The next day we spent a little time in Klamath Falls, taking a trolley tour of the historic downtown (there are a couple of really nice buildings, the rest was pretty mundane) and checking out the possibilities of a boat tour on the lake (nothing was happening that day, as far as we could tell, except an expensive evening dinner tour on a paddle wheeler), then started south again via Hwy. 97. We stopped briefly at another wildlife reserve just out of town, to watch birds and bugs for awhile, then headed on into California. Very soon Mt. Shasta dominated the landscape. I had never approached it from this northern route before, and the view was really spectacular. Rich and Emily were kept quite busy taking photographs (Rich has more-or-less figured out the fancy digital camera we have with us, and Emily is rapidly learning, while I have barely picked it up to do a point-and-shoot, so I think they will be our “staff photographers”).

We made several stops on the way, most notably at the Living Memorial Sculpture Garden, a fascinating and beautiful array of much-larger-than-life-size, impressionistic metal sculptures memorializing those killed in wars, especially the Korean war, I think, all set in the middle of a subtly-colored sagebrush desert as lovely as any garden. Emily took lots of photos here, many set against Shasta for drama. We lingered quite awhile, all very impressed, even Colin, but it was hot and sunny, near 100, and even hats and sun glasses couldn’t keep us comfortable too long.

A little further south we stopped in the town of Mount Shasta, with the mountain looming above, and after scarfing up an armload of tourist brochures at the local visitor information center, took a 20-minute drive up the mountain as far as the road was open - not very far yet, but enough for there to still be snow, which the kids had great fun playing in. This, however, pretty much used up our sun quota for the day (we’re still getting used to being out-of-doors in a warm climate, after two months of being more-or-less holed up in our rental house, with no garden to get us outside), so we were eager to get to our pre-reserved lodging for the next two nights, in Dunsmuir, a few miles further south.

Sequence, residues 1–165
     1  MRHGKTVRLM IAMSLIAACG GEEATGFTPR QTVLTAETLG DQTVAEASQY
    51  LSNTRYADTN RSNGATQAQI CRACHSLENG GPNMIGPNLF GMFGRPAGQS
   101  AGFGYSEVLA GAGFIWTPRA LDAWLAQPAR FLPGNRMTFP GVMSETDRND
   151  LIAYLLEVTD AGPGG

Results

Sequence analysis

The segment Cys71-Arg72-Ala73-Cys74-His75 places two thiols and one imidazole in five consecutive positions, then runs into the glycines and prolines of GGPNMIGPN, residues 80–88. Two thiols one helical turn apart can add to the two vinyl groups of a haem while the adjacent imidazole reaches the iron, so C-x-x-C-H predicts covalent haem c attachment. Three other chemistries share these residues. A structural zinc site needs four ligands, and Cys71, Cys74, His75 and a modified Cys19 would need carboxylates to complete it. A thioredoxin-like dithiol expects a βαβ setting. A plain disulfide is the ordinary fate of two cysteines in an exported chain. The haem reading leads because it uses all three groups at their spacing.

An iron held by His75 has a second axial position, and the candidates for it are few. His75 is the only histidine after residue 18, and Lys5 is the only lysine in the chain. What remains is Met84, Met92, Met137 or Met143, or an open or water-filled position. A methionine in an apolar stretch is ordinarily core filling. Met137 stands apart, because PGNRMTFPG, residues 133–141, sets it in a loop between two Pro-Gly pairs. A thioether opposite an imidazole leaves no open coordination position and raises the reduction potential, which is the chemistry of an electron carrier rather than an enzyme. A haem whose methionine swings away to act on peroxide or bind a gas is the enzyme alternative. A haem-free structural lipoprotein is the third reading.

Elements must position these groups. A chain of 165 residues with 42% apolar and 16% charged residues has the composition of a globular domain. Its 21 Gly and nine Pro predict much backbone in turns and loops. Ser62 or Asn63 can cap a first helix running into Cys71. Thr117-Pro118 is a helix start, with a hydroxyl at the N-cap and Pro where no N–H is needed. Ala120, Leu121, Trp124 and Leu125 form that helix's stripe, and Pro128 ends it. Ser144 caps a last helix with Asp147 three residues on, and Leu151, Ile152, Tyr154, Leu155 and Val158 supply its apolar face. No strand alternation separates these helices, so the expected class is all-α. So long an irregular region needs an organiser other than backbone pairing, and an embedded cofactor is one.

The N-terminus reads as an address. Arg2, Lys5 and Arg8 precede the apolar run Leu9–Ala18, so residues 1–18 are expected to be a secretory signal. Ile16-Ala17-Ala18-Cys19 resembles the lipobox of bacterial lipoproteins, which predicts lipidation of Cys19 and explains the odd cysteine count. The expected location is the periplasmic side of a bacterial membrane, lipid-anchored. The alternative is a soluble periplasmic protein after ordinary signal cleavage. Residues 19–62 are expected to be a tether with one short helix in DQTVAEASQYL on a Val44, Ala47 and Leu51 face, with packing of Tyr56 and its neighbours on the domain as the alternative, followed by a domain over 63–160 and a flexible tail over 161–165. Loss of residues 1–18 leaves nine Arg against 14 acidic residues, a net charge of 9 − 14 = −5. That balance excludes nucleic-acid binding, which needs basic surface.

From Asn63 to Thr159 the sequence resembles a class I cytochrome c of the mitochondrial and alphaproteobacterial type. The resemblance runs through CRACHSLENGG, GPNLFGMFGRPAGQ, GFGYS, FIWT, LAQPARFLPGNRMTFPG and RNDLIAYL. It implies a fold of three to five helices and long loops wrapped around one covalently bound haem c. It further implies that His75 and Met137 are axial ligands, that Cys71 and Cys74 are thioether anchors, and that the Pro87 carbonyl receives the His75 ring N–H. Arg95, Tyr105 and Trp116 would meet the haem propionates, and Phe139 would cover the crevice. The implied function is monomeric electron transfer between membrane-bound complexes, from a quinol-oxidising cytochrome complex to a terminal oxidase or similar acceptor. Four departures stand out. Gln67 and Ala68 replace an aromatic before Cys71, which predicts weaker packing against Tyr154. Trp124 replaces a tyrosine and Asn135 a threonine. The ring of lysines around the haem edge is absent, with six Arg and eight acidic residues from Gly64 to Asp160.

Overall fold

Unfortunately, when I reserved an inexpensive modular unit with a kitchen in a small resort in Dunsmuir, I forgot that Dunsmuir is, literally, right alongside I-5, and very noisy, especially at this location, where trucks were compression braking down a long hill. The accommodations were less than stellar, too, although adequate, and Rich almost convinced us to look for something else. However, it was getting late, and would probably have taken quite awhile and cost more to go elsewhere, so we stayed, and it worked out fine. Once we got the air conditioner going and cooled off the heat of the day, the heavily-shaded grounds were pleasant, and if we walked alongside the nearby Sacramento river, or stayed inside with the air conditioner going, the road noise wasn’t a problem. There was also a nice pool which Colin was eager to try out. We got unpacked, picked up dinner makings at a small store around the corner, and had a pleasant evening.